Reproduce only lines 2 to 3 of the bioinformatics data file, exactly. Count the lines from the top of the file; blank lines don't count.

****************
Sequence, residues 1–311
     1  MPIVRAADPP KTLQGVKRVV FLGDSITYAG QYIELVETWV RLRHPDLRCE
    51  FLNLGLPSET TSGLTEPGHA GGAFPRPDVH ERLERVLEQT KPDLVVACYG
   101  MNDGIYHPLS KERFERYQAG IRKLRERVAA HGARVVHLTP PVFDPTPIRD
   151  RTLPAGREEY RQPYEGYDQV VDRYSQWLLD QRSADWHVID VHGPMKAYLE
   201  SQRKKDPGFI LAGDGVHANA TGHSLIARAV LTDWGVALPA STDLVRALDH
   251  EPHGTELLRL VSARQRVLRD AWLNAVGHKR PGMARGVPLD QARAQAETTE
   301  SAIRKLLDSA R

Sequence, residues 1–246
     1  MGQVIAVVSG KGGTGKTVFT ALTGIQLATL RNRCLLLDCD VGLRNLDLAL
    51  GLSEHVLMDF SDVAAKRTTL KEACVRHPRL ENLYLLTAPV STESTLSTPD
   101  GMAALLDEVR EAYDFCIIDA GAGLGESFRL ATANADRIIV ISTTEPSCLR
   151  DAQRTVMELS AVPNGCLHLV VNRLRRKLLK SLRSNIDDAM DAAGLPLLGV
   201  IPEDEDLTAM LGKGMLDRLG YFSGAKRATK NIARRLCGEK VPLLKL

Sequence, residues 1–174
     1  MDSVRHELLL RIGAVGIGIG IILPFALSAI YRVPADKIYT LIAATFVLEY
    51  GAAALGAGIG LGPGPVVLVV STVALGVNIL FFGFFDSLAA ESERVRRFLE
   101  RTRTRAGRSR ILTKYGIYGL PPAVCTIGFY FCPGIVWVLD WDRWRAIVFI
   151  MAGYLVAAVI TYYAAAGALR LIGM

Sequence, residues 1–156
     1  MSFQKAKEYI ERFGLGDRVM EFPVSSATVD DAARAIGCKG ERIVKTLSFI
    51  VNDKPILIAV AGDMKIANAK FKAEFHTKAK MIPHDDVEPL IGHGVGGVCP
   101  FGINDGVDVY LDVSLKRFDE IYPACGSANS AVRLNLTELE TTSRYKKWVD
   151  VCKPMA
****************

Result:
     1  MPIVRAADPP KTLQGVKRVV FLGDSITYAG QYIELVETWV RLRHPDLRCE
    51  FLNLGLPSET TSGLTEPGHA GGAFPRPDVH ERLERVLEQT KPDLVVACYG